One of the things that needs to be figured out is three sets of turnout related problems. The first one is the Nevada problem — what went right there? Democrats picked up a pair of contestable House seats, they defended a Senate seat by electing the first Latina, and they got enough seats to take both the State Senate and the State House. What went right? This somewhat applies to New Hampshire as well (Senate Seat and the state for Clinton, lost the governorship)

The next question is the Pennsylvania question? Philadelphia and Allegheny County (Pittsburgh) both delivered for Clinton. These counties had Obama 2012 or better margins and raw vote counts this time around. The core urban base precincts turned out and did their job. The problem was the rest of the state (Erie County is a good example of county that usually gives Dems a good number but voted Trump on lower than 2012 turnout). What the hell happened there?

The final question is the Detroit/Milwaukee/Madison question — where the hell did their 2012 turnout go? Get those three cities to turnout with only half the drop-off seen between 2012 and 2016 and we’re in much better shape. So what happened and why?

To figure out what to do next, we must figure out what the hell just happened.

256 replies
  1. 1
    japa21 says:

    Thanks for cheering me up.

  2. 2
    Corner Stone says:

    TLDR: We’re fucked hard and good

    Yep.

  3. 3
    EBT says:

    https://twitter.com/PeterBeinart/status/797980645360140292?ref_src=twsrc%5Etfw

    Any chance that Obama’s how to be a president lessons will moderate deadbeat donnie away from actively destroying the country?

  4. 4
    Mnemosyne says:

    The final question is the Detroit/Milwaukee/Madison question — where the hell did their 2012 turnout go?

    You missed seeing me on my new hobbyhorse, but it was suppression of Black voters using strict Voter ID laws. The Chicago Tribune has a story with an official saying that 41,000 votes were lost in Milwaukee because of Voter ID requirements.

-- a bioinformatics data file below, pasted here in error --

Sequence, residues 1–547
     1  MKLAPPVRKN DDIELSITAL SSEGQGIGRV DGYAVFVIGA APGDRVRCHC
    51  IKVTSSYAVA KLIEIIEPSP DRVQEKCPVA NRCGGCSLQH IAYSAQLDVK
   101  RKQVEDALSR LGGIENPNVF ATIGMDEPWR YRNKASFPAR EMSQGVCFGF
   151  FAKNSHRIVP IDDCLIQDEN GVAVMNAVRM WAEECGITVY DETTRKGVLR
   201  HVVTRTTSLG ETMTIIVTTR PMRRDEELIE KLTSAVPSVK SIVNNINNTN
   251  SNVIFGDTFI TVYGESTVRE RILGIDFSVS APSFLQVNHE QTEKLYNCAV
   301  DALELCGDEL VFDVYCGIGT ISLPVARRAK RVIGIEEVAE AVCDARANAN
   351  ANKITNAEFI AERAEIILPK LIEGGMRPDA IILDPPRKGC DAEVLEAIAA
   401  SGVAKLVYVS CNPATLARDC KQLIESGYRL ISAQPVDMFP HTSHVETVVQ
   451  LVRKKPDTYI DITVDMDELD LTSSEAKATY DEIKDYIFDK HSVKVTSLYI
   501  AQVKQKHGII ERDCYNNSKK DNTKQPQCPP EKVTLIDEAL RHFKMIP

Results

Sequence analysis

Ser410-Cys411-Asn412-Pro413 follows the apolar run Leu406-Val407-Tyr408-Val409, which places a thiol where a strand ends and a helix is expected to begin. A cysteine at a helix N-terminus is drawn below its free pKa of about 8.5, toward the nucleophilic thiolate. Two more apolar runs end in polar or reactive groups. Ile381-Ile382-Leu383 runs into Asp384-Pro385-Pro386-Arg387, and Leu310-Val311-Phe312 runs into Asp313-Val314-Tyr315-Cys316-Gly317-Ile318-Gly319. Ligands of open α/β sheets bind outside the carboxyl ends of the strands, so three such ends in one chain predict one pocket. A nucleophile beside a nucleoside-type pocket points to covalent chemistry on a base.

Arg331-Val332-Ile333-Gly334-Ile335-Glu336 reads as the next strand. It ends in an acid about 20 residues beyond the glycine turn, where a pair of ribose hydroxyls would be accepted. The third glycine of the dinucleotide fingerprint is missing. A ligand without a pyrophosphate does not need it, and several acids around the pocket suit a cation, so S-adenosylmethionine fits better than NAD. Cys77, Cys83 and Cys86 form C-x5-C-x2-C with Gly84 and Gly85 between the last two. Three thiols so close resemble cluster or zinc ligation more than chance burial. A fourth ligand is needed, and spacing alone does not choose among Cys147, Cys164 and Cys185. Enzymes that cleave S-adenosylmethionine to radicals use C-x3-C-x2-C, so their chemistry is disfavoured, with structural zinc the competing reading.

Last I heard, Trump’s margin of victory was 27,000.

    So, yes, they basically managed to gerrymander the country.

  5. 5
    polyorchnid octopunch says:

    Please read this thread. I was out and couldn’t post for hours, but this is a way out.

    https://www.balloon-juice.com/2016/11/13/everything-still-sucks-but-i-am-dealing-with-it/#comment-6115672

    Just follow it up, three comments in total. This could work, and given that Clinton won the popular vote is a completely reasonable approach to take to throw sand in the gears of the newly triumphant Trump machine.

  6. 6
    Ohio Mom says:

    @EBT: no, because Pence and Congress.
    Sorry.

  7. 7
    GregB says:

    Ate there stats kept on how many people weren’t allowed to vote due to lack of proper ID’s?

    Oh, and Steve Bannon is an American-Nazi.

  8. 8
    Trentrunner says:

    @EBT: The problem is that Trump is led by whomever he last spoke to.

    So, with Trump, you don’t have to make the best argument, just the most recent.

  9. 9
    Corner Stone says:

    I think, in fairness, what we should first address is BECAUSE EMAILS!

  10. 10
    Jumbo76 says:

    What I’m seeing is stories about how the Democratic Party just didn’t do any messaging in some areas, and in others the messaging was about how bad Trump was, not how good Clinton was. There was a strategic decision to reach for near Republicans rather than turning out our base. We must lay some fault at Clinton’s feet, though, because she is not charismatic and she failed to tie her policy positions to broader themes about how she would help people. We can not nominate any more Al Gores, John Kerrys, or Hillary Clintons. We need Barack Obamas and Bill Clintons. Or we can keep losing the presidency. The good news is this is all fixable. I refuse, absolutely, to turn the party over to the Bernie Bros. Now is the time for us to step up, throw out the Democratic establishment, and turn the party into what we want it to be. If you haven’t found your local committee, do it tonight.

  11. 11
    jheartney says: